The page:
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Former Employees of Windows on the World Open Their Own Restaurant


Seventy-three of the 2,749 people who died in the terrorist attack on the World Trade Center September 11th, 2001, worked at the elegant "Windows on the World" restaurant. It was on the top floor of Tower One, and it was not only the highest-situated, it was also the highest-grossing restaurant in the United States, posting annual revenues of more than $37 million.

This week, the people who worked with those who perished have will be opening a new, upscale culinary venture. They will not just be employees at this restaurant, though. They will be owners.

Just a few days before the new restaurant - which is called "Colors" - is scheduled to officially open, everyone is busy. Carpenters hammer away at the large, private booths that line one side of the room. Electricians work to illuminate a large map of the world that's painted on the wall on the other side. Two women carefully examine wine glasses that they're arranging on the tables. And executive chef Raymond Mohan says everyone's feeling a little bit stressed..

"I'm nervous about things not being ready," he says. "You know, the food and equipment not being delivered and things like that. It goes with opening restaurants. There's always delays - as you can see, it's a last-minute thing. Everything is last minute."

Unlike most of the people working at Colors, Raymond Mohan was not employed by Windows on the World at the time of the terrorist attacks. But his line cook, a soft-spoken immigrant from the Ivory Coast named Kissima Sahao, was.

"It was a very hard day for me," Sahao recalls. "Because we lost a lot of crew members over there. So that was a very hard day for me."

Kissima Sahao says he has floated from one failed restaurant to another during the four years that have passed since the terrorist attacks. More than half the restaurants that open in New York City close before their third anniversary -- and like the proprietors at each of the city's 18,000 restaurants, everyone involved with the Colors project knows it's a risky business.

But Sahao says he did not hesitate to invest his time -- or a little bit of money -- in the project, which is a co-operative venture: the employees own 20 percent of the business. "It's good - for me it's unity, you know, all the people coming together to open a new restaurant, the old co-workers, so that's why I want to open this restaurant."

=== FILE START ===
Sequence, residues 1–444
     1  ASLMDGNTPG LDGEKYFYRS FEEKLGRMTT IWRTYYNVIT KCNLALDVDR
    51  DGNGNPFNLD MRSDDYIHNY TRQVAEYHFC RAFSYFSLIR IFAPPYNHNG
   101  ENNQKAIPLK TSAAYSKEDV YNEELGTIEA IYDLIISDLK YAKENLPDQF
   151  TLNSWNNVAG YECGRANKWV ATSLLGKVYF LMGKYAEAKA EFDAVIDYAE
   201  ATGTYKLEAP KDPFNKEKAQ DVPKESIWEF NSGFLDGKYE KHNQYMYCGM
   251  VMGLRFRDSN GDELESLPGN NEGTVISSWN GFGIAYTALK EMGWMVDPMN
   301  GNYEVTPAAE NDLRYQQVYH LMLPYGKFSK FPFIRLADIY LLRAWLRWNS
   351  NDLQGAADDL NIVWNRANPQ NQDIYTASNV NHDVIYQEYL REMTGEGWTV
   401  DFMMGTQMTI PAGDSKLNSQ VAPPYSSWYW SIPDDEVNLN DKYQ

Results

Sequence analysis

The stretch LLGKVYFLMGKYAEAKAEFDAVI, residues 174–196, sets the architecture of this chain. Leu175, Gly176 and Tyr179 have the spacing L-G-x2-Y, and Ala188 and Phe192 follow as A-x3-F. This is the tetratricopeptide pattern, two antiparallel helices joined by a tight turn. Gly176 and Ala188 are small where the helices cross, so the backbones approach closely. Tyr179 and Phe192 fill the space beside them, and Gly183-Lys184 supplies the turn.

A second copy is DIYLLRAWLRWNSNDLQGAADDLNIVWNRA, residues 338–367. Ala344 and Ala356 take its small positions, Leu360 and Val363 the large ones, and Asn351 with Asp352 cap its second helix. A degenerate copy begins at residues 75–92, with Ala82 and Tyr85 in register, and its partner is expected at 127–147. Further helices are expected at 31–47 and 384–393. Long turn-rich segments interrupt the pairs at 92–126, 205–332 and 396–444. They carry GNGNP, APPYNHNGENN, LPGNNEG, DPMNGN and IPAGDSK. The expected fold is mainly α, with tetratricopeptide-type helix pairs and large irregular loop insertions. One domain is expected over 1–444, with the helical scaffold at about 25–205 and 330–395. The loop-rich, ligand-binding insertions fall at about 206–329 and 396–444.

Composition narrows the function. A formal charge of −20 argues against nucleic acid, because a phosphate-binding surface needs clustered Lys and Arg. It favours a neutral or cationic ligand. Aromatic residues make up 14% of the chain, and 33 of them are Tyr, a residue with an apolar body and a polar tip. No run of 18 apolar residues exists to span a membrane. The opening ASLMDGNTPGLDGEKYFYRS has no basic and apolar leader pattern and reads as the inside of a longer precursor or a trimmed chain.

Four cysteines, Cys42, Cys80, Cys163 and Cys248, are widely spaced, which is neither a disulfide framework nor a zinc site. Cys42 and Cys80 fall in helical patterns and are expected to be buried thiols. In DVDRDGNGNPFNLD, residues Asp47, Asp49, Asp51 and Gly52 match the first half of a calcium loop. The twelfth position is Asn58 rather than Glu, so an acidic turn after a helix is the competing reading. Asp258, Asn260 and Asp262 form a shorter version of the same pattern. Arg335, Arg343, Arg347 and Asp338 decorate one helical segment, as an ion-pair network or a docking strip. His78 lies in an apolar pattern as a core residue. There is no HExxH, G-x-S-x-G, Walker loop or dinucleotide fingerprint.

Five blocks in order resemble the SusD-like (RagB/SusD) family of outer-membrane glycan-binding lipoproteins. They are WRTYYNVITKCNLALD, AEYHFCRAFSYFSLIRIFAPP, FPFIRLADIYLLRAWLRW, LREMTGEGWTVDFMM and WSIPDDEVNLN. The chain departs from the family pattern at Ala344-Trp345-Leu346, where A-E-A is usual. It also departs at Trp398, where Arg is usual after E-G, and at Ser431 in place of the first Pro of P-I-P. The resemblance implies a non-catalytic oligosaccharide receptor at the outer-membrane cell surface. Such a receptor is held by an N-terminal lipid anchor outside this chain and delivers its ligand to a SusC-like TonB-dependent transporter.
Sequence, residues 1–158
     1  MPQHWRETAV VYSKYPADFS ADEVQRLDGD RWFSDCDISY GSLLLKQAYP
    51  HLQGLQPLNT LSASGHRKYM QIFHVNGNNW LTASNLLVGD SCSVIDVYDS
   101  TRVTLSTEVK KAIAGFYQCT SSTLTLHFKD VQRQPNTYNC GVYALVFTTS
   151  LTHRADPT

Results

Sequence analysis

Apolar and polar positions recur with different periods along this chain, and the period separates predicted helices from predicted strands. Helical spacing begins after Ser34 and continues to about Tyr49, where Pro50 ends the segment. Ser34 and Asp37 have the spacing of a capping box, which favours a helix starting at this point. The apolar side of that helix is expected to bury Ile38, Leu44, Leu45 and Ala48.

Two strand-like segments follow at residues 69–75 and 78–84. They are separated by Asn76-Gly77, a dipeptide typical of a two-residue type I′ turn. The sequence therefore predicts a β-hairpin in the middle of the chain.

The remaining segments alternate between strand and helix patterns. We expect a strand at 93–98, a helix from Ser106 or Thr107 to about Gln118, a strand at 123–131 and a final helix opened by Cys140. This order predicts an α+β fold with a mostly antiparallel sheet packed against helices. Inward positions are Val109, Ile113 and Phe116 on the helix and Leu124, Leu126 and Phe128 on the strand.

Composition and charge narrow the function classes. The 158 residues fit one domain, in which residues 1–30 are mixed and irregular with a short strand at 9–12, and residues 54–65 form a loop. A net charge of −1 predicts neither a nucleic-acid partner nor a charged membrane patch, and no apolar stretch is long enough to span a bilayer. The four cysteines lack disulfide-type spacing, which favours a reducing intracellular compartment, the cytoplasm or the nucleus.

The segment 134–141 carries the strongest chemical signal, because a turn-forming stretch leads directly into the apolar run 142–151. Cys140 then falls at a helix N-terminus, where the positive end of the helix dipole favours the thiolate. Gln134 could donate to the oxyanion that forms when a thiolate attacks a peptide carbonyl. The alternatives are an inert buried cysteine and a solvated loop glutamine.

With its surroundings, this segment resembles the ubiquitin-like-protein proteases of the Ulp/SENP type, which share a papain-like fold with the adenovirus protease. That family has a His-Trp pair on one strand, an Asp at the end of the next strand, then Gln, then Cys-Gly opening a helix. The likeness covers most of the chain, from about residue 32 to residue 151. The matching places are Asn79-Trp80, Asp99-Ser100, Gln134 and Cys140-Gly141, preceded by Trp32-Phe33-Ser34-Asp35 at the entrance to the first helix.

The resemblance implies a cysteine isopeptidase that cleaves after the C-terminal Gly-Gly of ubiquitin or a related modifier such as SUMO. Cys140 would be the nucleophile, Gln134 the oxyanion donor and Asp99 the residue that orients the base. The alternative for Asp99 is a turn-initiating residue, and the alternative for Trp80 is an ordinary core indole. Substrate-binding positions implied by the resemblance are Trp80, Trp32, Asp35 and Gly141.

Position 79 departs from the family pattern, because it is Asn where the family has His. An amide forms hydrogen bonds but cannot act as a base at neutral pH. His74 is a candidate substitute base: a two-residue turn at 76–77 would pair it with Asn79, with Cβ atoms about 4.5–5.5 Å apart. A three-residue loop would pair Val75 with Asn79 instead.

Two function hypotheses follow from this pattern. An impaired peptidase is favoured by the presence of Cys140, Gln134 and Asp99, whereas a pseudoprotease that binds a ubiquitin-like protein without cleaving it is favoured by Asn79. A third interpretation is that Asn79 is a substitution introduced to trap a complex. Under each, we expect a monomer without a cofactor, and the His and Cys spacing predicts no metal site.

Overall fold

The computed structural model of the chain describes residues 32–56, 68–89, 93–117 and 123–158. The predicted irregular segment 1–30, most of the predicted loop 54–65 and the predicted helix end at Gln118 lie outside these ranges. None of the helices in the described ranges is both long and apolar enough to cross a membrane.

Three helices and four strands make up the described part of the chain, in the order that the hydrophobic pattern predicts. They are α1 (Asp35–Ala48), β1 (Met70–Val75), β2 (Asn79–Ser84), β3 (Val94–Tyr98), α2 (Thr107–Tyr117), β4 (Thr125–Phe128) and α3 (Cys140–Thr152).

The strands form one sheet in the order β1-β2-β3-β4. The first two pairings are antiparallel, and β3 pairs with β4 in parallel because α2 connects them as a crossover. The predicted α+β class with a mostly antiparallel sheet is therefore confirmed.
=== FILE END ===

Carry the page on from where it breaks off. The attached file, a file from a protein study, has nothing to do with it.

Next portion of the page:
Everyone at Colors will make at least $13.50 per hour, which is double the minimum wage in New York state. Not only that, but the restaurant has been specially designed with the physical needs of the workers in mind. An ergonomist from Mt. Sinai Medical Center was brought in to make recommendations about work space in the kitchen and the floor plan in the dining room.

Colors' general manager Stefan Mailvaganam says most people who go to restaurants don't realize how high the industry's injury rate is. "People get burned a lot in the kitchen. They get a lot of lower-back strain. Repetitive strain injury, whether it's in wrists and, you know, other joints. So it's very hard."

The employee/owners of Colors are immigrants from 22 countries - and you can see that in the restaurant's eclectic menu. The former Windows on the World workers all contributed family recipes, which were then modified for the American palate by Chef Raymond Mohan - a native of Guyana.

Customers will be able to order a medley of curried and marinated dishes from places like Bangladesh, Egypt, Colombia, and Thailand. Pastry chef Richard Cohen, who was born in Jamaica, says that makes the restaurant a lot like the city that it calls home. "The food, it's like international cuisine, so that makes it very interesting," he says. "You learn other cultures. What Manhattan is all about is diversity. So that's good."

The staff at Colors initially considered having a "Windows on the World" theme as a tribute to their fallen colleagues. In the end, though, they decided not to do that, believing it would be better to move forward and not focus on the tragedies of the past. The co-operative nature of the venture, they say, is a subtler tribute - and the restaurant's success will be their former colleagues' legacy.

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